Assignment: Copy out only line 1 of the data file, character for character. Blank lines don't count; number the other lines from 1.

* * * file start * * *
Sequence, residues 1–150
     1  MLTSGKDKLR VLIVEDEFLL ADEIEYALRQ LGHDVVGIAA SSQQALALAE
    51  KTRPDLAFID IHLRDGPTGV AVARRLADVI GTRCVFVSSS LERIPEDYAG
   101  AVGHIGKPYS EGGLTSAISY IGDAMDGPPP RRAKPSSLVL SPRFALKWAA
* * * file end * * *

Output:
Sequence, residues 1–150